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Canada is known to be the second-largest country globally, considering the landmass. But that is not the primary reason many international students are flocking into the country. Canada has both technological and classical universities that offer lots of options for students. If you consider studying in Canada, these factors listed below will guide you on the best location to settle.

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Climate

This is a primary factor every international student ought to consider as it plays a significant part in how best they will enjoy their stay in the country. Yes, the students need to adapt to living in all seasons but getting the right place they would fit in properly is vital.

According to 2016 statistics, about 66% of students live within the border of Canada and the US, which implies that schools are located in such areas. Plus, because the area has a moderate climate, it is safe for more students to relocate there for studies.

climate

Though some students who want to explore will prefer to go up north for studies. In those places, the weather is full of more clear skies with a sunny atmosphere. In fact, students can enjoy the midnight sun and beautiful landscape those places offer. Also, considering the small population residing in the community, there would be more space to thrive. Plus, they will benefit from the immigration incentives targeted at those northern areas. They will also partake in the post-graduate job offers from those areas and sometimes settlement support.

Also, some cities like Victoria, Vancouver, St.John, and Halifax are known to have a gentler atmosphere compared to other communities. For a coastal city like Vancouver, the number of times it rains in a year will be more than half of the days, about 192 days. That means students will see more grey skies than bright ones, sometimes challenging. However, they will enjoy the coastal winter as the weather will also be milder and perfect for fieldwork.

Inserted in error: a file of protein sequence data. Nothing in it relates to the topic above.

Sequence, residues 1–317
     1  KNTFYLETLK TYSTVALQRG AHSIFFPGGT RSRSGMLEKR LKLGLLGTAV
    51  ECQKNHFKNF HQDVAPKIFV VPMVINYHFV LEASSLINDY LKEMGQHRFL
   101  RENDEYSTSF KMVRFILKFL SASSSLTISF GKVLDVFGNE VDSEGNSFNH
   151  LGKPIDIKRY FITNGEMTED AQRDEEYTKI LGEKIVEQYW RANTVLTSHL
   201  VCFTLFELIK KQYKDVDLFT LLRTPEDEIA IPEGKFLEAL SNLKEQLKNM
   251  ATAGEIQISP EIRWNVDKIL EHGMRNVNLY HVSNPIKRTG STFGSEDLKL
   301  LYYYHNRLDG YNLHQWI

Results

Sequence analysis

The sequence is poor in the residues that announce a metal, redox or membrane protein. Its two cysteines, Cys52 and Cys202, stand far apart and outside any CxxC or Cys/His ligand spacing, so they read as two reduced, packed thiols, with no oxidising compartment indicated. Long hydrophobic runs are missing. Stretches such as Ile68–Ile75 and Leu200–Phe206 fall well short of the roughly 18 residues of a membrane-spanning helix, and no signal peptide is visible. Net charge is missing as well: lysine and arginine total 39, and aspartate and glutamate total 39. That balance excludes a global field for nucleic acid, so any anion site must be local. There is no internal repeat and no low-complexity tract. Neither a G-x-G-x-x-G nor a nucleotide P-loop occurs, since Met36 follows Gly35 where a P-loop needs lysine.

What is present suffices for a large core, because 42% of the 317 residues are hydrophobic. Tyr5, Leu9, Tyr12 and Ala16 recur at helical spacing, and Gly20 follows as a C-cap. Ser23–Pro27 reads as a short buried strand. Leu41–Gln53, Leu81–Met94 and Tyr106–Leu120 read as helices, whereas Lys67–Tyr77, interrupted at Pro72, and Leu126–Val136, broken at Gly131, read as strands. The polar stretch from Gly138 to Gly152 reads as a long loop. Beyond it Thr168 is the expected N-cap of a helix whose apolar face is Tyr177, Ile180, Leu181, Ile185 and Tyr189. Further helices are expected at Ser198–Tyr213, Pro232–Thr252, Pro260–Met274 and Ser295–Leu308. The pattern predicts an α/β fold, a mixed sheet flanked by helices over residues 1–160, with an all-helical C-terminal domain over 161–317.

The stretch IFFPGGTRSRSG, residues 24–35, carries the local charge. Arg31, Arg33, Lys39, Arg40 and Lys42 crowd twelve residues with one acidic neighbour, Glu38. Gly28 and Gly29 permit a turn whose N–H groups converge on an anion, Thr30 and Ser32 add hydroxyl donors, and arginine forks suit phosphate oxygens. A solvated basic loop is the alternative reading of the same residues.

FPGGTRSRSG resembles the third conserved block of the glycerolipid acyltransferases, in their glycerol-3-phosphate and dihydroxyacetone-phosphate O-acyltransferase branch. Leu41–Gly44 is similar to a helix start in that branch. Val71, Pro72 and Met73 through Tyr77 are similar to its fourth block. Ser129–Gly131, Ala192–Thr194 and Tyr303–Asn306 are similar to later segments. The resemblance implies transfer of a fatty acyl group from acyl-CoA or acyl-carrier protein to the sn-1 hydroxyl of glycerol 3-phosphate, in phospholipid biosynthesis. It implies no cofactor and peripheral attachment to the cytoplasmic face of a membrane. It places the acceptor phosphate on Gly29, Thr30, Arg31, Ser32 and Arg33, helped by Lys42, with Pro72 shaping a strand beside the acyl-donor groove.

In places like Ontario and Quebec, the weather is not stable as they are both determined by the great lakes. If the lake effect is at work sometimes, the summer can be cooler while the winter is warmer. This makes the weather not predictable as the lake effect affects the climate more than other province areas. The good thing is students interested in agriculture will benefit from such climate as the lake effect positively affects farm growth.

language

Language

In Canada, there are two official languages: English and french. If you are already fluent in speaking and writing English, you can study in most places in Canada. But if you want to go to Quebec or New Brunswick, you will have to learn french as that is their official language in that province.

If you want to study french, the best place to do that is either Quebec or New Brunswick. Though other schools have great french courses for students planning to study french but you will have a more robust experience in the two specific listed areas.

Also, if you want to attend a school that is in a city where your religious or cultural services can be communicated in a language you can understand, then picking the school in a large community will be a good decision. A large community will help you find those types of services and also make more friends in that aspect. But if you want to learn a new language and do not want to get overwhelmed with the number of people in the community, choosing a small community is a better option. Ultimately, you can make the searches you want using resources online to get to know more about different community languages.

Community Size

Before moving to study in Canada, you must have a picture of the kind of community you want to live in and the experience you want to have. Though the population density of Canada is not as vast as some other states like US and UK but it offers excellent academic opportunities in different community sizes. That being said, it simply means the experiences in those places are different and unique to community sizes. So, first, ask yourself some questions.

  • Where do you picture yourself living on the campus or off-campus?
  • Do you want a city with active night events like concerts and bars
  • Do you have particular hobbies you want to continue doing while abroad?
  • Would you want to do more outdoor activities?
  • Do you want to be schooling and working at the same time? What job roles would you like?
  • Do you have special dietary requirements and want special access to them?
community

If you can answer these questions, you will plan what community will fit your expectations well.

Whatever community size you pick will affect the expense you have to spend in the long run. In major places like Vancouver, Montreal and Toronto, you should expect to pay more to run your daily life and settle tuition fees. But if you take a job alongside, you will be able to conveniently foot those bills, which is a win-win situation eventually.

Summarily, it would be best if you were sure you knew where you wanted to study before embarking on the application process. If you can carefully consider these factors, it will be easy to navigate picking the right school for yourself.

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